reading notes – The Once and Future King

September 21, 2009 at 2:52 am (Uncategorized) (, )

In lieu of real content, I have reading notes.  In addition to reading for the PhD exam right now, I’m also doing a directed reading on medievalism in literature.  And taking Latin.  So this is kind of representative of where my head is these days.  (See how I sneakily sneak in some Old English like a sneaky person?)

 

Timor mortis conturbat me

As part of the Wart’s education, he is sent to the mews to spend the night with the hawks.  The solemn formality, and indeed the real danger, of his ritual ordeal with these birds is clearly meant to contrast with the silliness of the human knights in White’s story.  Where Pellinore and Grummore fight like schoolboys during their joust – Pellinore mumbling “non” under his breath while Grummore calls him a cad (65) – the birds of prey converse a mid a “silver silence” with an air of restrained dignity (75).  Where Kay’s knightly vigil will result in not much more than taking a bath, having his spurs popped into the soup, and receiving a lecture on ideals from Grummore and Pellinore (183), the ordeal in the mews is overseen by hawks and falcons as “motionless” as a “statue of a knight in armor” (74), in a mews described with the solemnity of a chapel, amidst a congregation of birds described as the “rapt nobility of the air” keeping “their knight’s vigil with knightly patience” (74).  However, through White’s treatment of their nocturnal rituals, their seemingly dignified traditions only serve to further emphasize the novel’s focus on the problems of Fort Mayne.

The hawks’ ordeal song evokes a sense of ancient traditions of hereditary nobility and knighthood.  The peregrine refers to the ordeal song as the “Ancient but not Modern No. 23,” or the “Ordeal Hymn” (78), and indeed even its vocabu lary conjures an air of ancient formality. [1] Its refrain is taken from the solemn tradition of the medieval meditation on the inevitability of death.  Timor mortis conturbat me [Fear of death troubles me] appears in several medieval lyrics, such as this anonymous 15th century lyric in which a weeping bird explains her tears: “I am a musket both fair and gent; / For dread of death I am all shent: Timor mortis conturbat me” (Morley 231). The Latin line is taken from the office of Matins, traditionally recited at midnight: “Peccantem me quotidie, et non me poenitentem, timor mortis conturbat me: Quia in inferno nulla est redemptio, miserere mei Deus, et salva me” [The fear of death doth trouble me, sinning daily, and not repenting: for that in hell there is no redemption, have mercy upon me O God, and save me] (Gunhouse).  But to the birds, timor mortis conturbat me is a “lie” which is “proffered” to “beasts of chase” (79): the birds of prey sing a different hymn, in which they are excited by their prey’s fear of death, which is a fear of the predator: “Timor mortis exultat me” (79). By virtue of their talons, their strength, and their noble bloodlines, the hawks turn a meditation of humility and memento mori into a service of slaughter.  Whether White meant to contrast this hymn with the meditative context of the Book of Hours, or perhaps Anglican hymn No. 23 (“Through the day Thy love hath spared us, / Now we lay us down to rest”), or even Psalm 23 (“Yea, though I walk through the valley of the shadow of death, I will fear no evil”), the hawks’ hymn of dignified formality and hereditary knighthood contains another critique of Fort Mayne, against which the Wart will continuously struggle as he grows into kingship.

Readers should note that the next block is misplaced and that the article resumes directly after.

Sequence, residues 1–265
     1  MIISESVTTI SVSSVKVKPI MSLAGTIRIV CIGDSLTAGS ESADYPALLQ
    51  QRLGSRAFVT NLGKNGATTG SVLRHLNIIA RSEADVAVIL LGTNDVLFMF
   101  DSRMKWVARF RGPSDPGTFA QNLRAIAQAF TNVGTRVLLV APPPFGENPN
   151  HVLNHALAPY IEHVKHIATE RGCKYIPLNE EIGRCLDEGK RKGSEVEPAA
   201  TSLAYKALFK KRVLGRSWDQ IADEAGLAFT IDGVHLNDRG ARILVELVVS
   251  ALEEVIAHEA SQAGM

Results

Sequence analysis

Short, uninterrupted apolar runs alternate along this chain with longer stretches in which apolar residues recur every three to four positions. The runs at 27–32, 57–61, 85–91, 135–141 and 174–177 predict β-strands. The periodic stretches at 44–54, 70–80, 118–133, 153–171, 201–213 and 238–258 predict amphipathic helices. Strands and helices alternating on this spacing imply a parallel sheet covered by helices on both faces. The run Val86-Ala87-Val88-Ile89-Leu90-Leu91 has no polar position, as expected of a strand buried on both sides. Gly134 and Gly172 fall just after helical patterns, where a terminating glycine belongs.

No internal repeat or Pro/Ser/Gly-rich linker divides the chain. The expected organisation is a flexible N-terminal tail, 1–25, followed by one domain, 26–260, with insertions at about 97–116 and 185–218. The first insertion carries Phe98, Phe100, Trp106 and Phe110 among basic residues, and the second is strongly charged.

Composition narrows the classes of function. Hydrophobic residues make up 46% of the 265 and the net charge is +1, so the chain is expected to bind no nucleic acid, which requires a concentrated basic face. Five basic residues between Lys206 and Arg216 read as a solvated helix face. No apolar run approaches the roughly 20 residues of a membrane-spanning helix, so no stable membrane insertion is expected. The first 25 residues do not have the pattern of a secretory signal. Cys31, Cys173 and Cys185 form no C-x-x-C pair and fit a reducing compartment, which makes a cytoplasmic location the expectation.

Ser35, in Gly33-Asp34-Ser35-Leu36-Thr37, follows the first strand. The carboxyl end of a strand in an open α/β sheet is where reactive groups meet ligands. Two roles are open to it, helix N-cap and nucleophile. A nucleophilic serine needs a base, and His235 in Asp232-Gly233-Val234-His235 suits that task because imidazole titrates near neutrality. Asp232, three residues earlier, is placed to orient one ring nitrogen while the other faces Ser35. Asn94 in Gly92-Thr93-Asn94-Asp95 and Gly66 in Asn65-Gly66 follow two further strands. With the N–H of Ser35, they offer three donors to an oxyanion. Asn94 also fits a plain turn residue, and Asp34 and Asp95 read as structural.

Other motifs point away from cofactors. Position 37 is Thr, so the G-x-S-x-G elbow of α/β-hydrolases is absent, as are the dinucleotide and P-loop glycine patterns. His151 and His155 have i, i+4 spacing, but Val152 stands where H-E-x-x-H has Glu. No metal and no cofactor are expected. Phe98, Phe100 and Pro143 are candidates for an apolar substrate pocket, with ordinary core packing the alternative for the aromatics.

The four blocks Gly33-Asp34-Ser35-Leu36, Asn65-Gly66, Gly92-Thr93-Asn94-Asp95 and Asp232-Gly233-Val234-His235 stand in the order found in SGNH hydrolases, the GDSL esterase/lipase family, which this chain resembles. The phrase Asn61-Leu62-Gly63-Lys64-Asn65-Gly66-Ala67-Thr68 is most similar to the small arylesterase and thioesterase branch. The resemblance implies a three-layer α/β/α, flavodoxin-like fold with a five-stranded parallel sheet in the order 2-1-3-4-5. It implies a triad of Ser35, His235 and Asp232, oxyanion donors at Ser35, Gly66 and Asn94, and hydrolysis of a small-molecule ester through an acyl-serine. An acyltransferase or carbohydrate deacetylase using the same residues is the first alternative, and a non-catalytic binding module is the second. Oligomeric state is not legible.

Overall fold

[1] See, for instance, line 2, “dree,” derived from the OE dreogan, to suffer, and the Gothic driugan, to do military service; line 6, “bruckle,” from the OE brucol, fragile; and line 6, “slee,” from the ON slægr, able to strike; sly, cunning, skilful (OED).

Works Cited

Gunhouse, Glenn, ed.  “Matins, Third Nocturne.”  Hypertext Book of Hours. The Primer, or Office of the Blessed Virgin Marie, in Latin and English. Antwerp: Arnold Conings, 1599.  Available http://www.medievalist.net/hourstxt/deadmatd.htm

Kelly, Thomas. “Through the Day Thy Love hath Spared Us.” The Lutheran Hymnal.
St. Louis: Concordia Publishing House, 1941. No. 553.

“Matins.”  The Catholic Encyclopedia. Available http://www.newadvent.org/cathen/10050a.htm

Morley, Henry and William Hall Griffin.  English Writers VI: From Chaucer to Caxton.  London: Cassell and Company, 1890.

Oxford English Dictionary.  Available http://www.oed.com

Singleton, Robert and Edwin George Monk.  “Through the Day Thy Love Hath Spared Us.”  The Anglican Hymn Book.  London: James Parker and Co., 1871. No. 23.

White, T.H. The Once and Future King.  New York: Ace Books, 1996.

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